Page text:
Monday, April 16, 2012

Endings, Happy and Sad

In my faith community, we have lost a number of beloved, indispensable member-friends in recent months. I believe I have been to eight funerals in the last six months (and have begun to understand my parents’ “resolution,” after living almost their entire lives in a mid-sized Midwestern town, to attend fewer funerals). Many of us are reeling from the passing of these extraordinary “ Greatest Generation” folks and our collective loss of their wisdom and patience and long perspectives.

Being present at so many memorials to lives well-lived has raised issues I had never adequately considered, and allowed me to think about how memorial services can be conducted, as well as how lives can be lived and remembered. I have learned that if you die shortly before your 98th birthday, the church may not be as full as your life was, because you have outlived so many in your circles. I have learned that the sanctuary can be packed to overflowing, but the words spoken may fail to capture a life that was so much more than could be expressed, so that the gaping hole left in so many lives stands as the most powerful testimony to a life lived to the very limits of human energy. Hearing old-timey hymns I usually have little patience for, and knowing that they were chosen by my deceased friend, or their family, gives me a new appreciation for the comfort that a hymn I had dismissed may hold for others. I have thought long and hard about the demonstrated human qualities that compel friends and family to show up for a memorial service and remember their loved one.

An overwhelming realization, one I hope to carry with me more consistently in my life, is that some of the quietest, humblest people can be, deep down, the most fascinating and wise.  As a somewhat reserved person myself, I don’t tend to draw people out as much as I could, and certainly as much as I later wish I had. I so regret not asking Lou more about his transformative service as a marine in World War II, or talking with Harry about what it was like to run against Jesse Owens, among many other topics. I had no idea that Helen had a career besides that of mother long before most women did, and I wish I had learned more about what demands and indignities her bravery subjected her to. I also wish I had made the effort to learn more about the difficult time our congregation went through in becoming the first integrated church in Bloomington. We have one older member who returned to us only a few years ago, having been removed by his angry parents over this issue decades ago. I think I’ll ask him to tell me all about it next time I see him.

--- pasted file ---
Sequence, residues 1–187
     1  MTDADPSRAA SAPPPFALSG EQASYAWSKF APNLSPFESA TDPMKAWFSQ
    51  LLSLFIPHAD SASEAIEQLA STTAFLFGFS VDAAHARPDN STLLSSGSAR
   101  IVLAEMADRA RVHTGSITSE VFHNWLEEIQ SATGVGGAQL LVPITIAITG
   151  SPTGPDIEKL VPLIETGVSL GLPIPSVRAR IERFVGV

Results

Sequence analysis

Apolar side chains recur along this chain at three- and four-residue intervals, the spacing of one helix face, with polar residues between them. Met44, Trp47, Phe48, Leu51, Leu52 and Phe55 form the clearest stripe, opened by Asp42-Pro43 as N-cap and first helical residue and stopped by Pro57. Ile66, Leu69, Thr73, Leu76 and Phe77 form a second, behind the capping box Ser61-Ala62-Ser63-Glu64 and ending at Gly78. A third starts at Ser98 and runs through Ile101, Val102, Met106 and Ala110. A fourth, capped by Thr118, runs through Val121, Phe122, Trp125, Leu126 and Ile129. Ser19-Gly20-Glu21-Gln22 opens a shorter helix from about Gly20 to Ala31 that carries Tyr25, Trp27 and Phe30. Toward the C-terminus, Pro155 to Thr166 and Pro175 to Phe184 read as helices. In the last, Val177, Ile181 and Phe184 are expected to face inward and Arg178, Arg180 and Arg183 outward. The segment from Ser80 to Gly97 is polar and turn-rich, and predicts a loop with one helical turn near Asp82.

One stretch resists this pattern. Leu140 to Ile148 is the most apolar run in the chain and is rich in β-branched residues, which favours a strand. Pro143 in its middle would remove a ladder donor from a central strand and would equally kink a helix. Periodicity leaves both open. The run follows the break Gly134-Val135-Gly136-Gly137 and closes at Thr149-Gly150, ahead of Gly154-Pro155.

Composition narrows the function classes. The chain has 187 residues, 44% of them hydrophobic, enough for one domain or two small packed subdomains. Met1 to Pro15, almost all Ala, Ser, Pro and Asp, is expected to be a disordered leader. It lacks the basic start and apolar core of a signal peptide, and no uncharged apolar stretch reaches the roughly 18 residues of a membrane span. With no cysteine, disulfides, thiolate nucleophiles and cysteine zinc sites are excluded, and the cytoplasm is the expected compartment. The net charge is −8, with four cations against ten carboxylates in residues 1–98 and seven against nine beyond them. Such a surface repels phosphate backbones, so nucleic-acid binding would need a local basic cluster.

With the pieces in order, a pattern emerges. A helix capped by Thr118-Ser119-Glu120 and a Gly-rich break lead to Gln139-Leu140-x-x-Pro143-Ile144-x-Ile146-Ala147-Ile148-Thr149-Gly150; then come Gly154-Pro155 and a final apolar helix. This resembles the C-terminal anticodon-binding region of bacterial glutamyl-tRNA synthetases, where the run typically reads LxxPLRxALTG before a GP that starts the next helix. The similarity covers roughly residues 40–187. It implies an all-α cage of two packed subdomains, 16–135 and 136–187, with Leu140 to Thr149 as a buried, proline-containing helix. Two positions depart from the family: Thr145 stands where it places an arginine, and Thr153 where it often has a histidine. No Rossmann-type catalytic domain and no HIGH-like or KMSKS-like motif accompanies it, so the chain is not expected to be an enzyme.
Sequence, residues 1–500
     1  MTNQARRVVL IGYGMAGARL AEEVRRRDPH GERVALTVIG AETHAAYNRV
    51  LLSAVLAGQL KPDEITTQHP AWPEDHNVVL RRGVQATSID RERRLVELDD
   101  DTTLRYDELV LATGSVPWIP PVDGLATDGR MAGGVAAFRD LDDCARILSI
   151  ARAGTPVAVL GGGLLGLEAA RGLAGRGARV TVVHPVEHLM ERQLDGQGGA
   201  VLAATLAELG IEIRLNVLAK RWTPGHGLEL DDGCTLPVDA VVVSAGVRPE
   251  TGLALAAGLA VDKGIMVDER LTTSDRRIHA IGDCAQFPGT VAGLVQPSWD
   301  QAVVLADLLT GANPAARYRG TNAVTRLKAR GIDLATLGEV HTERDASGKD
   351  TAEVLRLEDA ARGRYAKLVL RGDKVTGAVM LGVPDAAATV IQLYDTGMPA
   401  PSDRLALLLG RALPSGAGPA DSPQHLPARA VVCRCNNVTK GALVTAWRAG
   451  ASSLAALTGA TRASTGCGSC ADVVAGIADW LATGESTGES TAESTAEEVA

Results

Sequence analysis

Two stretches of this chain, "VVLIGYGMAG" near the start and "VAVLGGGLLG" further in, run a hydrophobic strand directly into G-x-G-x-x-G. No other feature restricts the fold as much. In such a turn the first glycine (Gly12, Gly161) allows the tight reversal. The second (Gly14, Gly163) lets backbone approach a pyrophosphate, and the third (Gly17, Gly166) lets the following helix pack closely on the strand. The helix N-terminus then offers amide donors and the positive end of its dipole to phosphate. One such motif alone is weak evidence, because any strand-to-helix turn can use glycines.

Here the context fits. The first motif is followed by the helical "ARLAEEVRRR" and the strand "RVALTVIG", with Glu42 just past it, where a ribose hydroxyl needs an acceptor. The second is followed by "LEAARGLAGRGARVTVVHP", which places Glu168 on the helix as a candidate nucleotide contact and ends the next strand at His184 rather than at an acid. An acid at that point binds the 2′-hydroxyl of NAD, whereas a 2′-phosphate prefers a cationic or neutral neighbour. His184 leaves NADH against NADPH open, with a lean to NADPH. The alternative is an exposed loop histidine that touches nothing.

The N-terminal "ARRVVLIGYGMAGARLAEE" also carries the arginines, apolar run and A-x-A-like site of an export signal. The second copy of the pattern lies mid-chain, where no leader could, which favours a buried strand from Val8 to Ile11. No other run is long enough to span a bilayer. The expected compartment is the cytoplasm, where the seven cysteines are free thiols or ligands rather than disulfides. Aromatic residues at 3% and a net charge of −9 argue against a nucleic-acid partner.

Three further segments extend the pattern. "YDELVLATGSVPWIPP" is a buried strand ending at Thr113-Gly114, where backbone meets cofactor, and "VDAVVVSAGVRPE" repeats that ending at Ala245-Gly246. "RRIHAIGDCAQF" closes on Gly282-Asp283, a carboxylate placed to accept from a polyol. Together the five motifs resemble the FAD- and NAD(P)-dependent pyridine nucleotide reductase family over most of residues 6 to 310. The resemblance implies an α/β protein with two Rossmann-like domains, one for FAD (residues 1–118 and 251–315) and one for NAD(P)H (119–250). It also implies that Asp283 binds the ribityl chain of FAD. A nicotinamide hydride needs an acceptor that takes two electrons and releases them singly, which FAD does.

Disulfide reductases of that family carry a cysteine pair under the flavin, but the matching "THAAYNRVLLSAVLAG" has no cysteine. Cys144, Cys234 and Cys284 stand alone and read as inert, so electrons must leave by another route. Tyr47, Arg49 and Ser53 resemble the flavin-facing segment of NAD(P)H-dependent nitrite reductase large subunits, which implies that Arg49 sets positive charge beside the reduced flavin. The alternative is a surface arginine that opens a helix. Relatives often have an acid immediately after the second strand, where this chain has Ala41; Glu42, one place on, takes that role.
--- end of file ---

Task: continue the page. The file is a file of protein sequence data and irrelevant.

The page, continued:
I’ve also had ample time to think about what we are actually grieving in our loss. Happily, people sometimes die having lived their time among us so fully, and having made such complete peace with the end of life, that it is inspiring, and in our sadness we realize that the loss is almost completely our own, that there is virtually nothing more we would wish for the deceased; our magical thinking is only for ourselves, to have had more time, or to have treasured the time we had more intentionally.
The first death that touched me deeply was that of my maternal grandmother, when I was 19. I had grown up around the block from her, and she had been a constant, patient, deeply supportive, and inspiring presence throughout my life. While my mother had been with her in her final hours of physical suffering and was grateful to see her out of her pain, my sister and I were inconsolable, and wept unceasingly throughout a triumphant celebration of her life in the home congregation in which she had married, seen her daughter and son married, and provided years of deeply musical keyboard and vocal service. We simply wanted MORE, for ourselves, more time and experience with the woman who had meant so much to us from our very beginnings.

I have much to learn about so many things surrounding the end of life, as well as the living of it. However, I am hoping for a pause in the intensity of my recent learning experiences. Enough loss, for now.

Mary for the Poplar Grove Muse


  1. The layers of loss are many and complex. The questions and sometimes need of rest from them are significant! Thanks for honoring all of it Mary. My heart goes out to you and in ripples to a community reverberating with the bitter and sweet mysteries of life. --Beth

  2. Very powerful, Mary. Still reeling from my own loss I cannot even bear to go to others' funerals. Memorializing ones who have lived long and full lives is so different than remembering those who were removed from us much too early.

  3. Sweet sorrow, exquisitely expressed.

  4. You've captured so many of the things I was thinking during all of those services. I guess the best we can hope for is that we will live long, well-lived lives, and enjoy the loving, interesting people around us.